Yeshua told His disciples that they were the salt of the earth. In the same teaching, He told them, “You are the light of the world” (Matthew 5:14). The title “light of the world” appears frequently in rabbinic literature to describe a source of wisdom, goodness, or holiness. In one place or another, rabbinic sources use the term “light of the world” to describe the menorah, the Temple, Jerusalem, the Sanhedrin, the sages, specific rabbis, the whole nation of Israel, the redemption, the Torah, and even God Himself.
What did Yeshua mean when He referred to His disciples as the light of the world? The saying hinted toward the destruction of Jerusalem which is “a city set on a hill.”
A city set on a hill cannot be hidden. Nor do people light a lamp and put it under a basket, but on a stand, and it gives light to all in the house. (Matthew 5:14-15)
A lamp placed under a bowl extinguishes itself for lack of oxygen. Likewise, the light of the world where the Temple stood, the menorah burned, the Sanhedrin convened, the rabbis taught, the Torah was studied, and the nation of Israel assembled, was in danger of being extinguished.
Along the same line of thought, when Yeshua warned, His disciples that salt without saltiness “is no longer good for anything except to be thrown out and trampled under people's feet” (Matthew 5:13), He cryptically alluded to the destruction of Jerusalem and the coming exile:
They will fall by the edge of the sword and be led captive among all nations, and Jerusalem will be trampled underfoot by the Gentiles, until the times of the Gentiles are fulfilled. (Luke 21:24)
The interior walls of first-century houses had small niches in which the homeowner placed an oil lamp for illumination, and from that perch, the lamp “gives light to all who are in the house” (Matthew 5:15). Yeshua pointed out the absurdity of lighting a lamp and then covering it with a basket. Just as salt without salinity fails to fulfill its purpose, a lamp under a bowl is also useless.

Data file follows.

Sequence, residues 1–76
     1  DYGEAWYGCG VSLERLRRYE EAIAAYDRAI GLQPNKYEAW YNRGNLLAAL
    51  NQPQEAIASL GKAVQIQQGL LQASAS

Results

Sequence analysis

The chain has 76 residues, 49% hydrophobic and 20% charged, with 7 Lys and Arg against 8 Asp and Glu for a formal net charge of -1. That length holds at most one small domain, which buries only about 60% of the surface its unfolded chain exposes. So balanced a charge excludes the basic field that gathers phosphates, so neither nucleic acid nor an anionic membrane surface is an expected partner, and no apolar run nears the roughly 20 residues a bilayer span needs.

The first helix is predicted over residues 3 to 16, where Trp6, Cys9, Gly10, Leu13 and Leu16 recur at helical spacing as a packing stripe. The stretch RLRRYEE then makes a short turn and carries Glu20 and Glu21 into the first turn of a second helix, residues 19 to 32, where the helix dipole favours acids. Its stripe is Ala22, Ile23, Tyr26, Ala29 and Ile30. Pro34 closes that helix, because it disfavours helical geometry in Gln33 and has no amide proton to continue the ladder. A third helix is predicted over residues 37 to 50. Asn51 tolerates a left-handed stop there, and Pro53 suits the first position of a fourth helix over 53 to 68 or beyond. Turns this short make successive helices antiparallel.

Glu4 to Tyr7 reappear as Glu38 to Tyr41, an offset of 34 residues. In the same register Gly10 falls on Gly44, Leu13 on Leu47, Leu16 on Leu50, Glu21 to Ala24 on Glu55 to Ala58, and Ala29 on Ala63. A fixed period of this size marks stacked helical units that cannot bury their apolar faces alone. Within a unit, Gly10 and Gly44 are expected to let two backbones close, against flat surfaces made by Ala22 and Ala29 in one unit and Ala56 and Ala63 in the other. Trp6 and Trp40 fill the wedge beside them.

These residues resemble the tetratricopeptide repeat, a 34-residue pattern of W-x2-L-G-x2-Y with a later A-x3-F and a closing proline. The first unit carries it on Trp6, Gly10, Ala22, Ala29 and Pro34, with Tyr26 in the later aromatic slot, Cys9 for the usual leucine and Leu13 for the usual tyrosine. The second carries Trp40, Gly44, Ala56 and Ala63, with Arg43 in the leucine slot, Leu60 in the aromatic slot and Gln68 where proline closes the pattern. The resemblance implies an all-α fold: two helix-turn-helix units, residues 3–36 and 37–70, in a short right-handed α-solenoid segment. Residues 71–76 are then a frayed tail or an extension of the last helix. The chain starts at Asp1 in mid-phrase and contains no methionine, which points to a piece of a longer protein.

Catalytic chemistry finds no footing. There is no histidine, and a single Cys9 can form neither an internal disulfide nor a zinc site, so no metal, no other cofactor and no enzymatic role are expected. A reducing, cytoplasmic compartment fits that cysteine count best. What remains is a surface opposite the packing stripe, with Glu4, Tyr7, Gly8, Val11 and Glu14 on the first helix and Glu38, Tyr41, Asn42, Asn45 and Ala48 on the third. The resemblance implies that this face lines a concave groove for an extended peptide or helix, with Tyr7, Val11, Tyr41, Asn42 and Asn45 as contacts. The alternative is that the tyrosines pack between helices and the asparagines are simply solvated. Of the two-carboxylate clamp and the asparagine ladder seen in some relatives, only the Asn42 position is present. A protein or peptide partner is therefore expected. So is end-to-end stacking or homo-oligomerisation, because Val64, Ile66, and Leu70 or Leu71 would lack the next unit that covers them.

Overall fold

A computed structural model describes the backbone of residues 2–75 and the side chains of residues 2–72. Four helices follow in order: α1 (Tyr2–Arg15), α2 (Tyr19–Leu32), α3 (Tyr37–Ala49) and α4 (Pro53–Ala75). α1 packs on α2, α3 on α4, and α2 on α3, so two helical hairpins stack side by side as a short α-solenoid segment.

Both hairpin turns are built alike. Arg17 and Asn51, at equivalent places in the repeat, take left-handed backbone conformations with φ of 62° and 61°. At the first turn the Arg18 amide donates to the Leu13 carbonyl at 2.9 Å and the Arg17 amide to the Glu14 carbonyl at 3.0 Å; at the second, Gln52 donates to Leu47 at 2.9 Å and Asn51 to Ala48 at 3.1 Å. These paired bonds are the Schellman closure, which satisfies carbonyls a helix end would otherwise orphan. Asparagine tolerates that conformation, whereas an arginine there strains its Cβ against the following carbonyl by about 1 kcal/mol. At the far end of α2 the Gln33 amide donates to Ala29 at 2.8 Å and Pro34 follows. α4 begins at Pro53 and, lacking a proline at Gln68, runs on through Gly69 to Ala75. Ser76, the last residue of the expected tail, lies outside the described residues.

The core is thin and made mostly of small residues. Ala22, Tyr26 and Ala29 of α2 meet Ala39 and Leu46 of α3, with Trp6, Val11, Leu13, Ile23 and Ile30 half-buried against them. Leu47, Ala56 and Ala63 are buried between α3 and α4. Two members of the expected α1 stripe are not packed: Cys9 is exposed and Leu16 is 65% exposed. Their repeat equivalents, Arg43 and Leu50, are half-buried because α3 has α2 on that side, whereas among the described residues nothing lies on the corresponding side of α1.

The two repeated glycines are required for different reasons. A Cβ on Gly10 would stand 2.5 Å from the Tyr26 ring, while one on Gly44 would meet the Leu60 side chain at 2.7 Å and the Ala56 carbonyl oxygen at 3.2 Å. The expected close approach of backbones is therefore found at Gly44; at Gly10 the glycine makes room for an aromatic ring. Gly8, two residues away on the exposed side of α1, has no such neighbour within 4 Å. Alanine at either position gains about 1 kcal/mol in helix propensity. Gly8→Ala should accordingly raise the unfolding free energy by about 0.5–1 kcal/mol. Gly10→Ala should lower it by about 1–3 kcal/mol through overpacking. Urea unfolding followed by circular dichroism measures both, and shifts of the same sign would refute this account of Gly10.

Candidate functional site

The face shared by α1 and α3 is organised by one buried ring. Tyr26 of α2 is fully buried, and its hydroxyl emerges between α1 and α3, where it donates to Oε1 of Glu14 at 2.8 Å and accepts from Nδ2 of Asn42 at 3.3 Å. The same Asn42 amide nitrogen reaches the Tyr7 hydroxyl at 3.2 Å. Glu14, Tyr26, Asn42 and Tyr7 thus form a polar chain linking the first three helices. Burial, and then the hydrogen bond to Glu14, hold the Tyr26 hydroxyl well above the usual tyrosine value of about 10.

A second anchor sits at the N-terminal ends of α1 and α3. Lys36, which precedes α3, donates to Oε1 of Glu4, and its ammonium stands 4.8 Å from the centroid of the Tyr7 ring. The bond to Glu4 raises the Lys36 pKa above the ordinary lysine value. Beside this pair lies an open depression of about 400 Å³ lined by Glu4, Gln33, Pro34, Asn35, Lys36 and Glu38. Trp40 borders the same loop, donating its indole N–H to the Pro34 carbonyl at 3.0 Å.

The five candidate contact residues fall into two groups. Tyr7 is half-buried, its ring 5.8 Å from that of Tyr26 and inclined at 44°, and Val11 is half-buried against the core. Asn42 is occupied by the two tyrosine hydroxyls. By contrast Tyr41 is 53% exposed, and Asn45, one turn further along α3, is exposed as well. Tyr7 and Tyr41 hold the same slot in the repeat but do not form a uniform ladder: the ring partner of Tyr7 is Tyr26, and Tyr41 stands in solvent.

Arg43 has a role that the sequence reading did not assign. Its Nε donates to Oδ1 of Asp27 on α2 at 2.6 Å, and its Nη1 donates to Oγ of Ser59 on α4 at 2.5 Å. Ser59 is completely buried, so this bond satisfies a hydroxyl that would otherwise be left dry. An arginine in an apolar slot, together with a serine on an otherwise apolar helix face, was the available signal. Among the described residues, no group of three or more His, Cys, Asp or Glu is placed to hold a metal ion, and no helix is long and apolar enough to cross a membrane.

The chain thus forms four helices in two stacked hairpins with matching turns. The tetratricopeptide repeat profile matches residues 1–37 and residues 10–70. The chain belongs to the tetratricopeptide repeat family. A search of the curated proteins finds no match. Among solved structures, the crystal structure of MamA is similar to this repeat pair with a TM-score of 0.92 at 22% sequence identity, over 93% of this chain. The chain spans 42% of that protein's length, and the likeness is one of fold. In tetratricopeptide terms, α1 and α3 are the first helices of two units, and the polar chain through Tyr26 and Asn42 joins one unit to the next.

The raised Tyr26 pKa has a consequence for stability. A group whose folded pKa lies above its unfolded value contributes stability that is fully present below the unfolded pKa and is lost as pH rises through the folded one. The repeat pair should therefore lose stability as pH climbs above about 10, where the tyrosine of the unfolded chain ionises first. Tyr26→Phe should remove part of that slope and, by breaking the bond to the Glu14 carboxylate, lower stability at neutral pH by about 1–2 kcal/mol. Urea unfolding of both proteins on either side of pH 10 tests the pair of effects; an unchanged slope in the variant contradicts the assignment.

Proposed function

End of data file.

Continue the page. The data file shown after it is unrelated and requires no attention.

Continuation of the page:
In the two analogies, salt and light correspond. The disciples are the salt of the world and the light of the world. Retaining our saltiness is equivalent to letting our light shine before men. Losing our saltiness is equivalent to hiding our light under a bowl. What is the saltiness? What is the light? How can Yeshua’s disciples retain their saltiness? How can they give light to everyone in the house?
The Master answered, “Let your light shine before men in such a way that they may see your good works, and glorify your Father who is in heaven” (Matthew 5:16). Our saltiness and our light are our good works. The term “good works” is idiomatic for the commandments of Torah. Yeshua told His disciples that if they kept the commandments of Torah according to His teaching, they would retain their saltiness and their light would shine before men and bring honor to God. That is to say, if Israel had repented, the destruction of Jerusalem might have been averted, and the redemption would have come, as the prophet Isaiah says, "Arise shine, for your light has come ... and nations shall come to your light ... they shall bring the praises of the LORD" (Isaiah 60:1-6).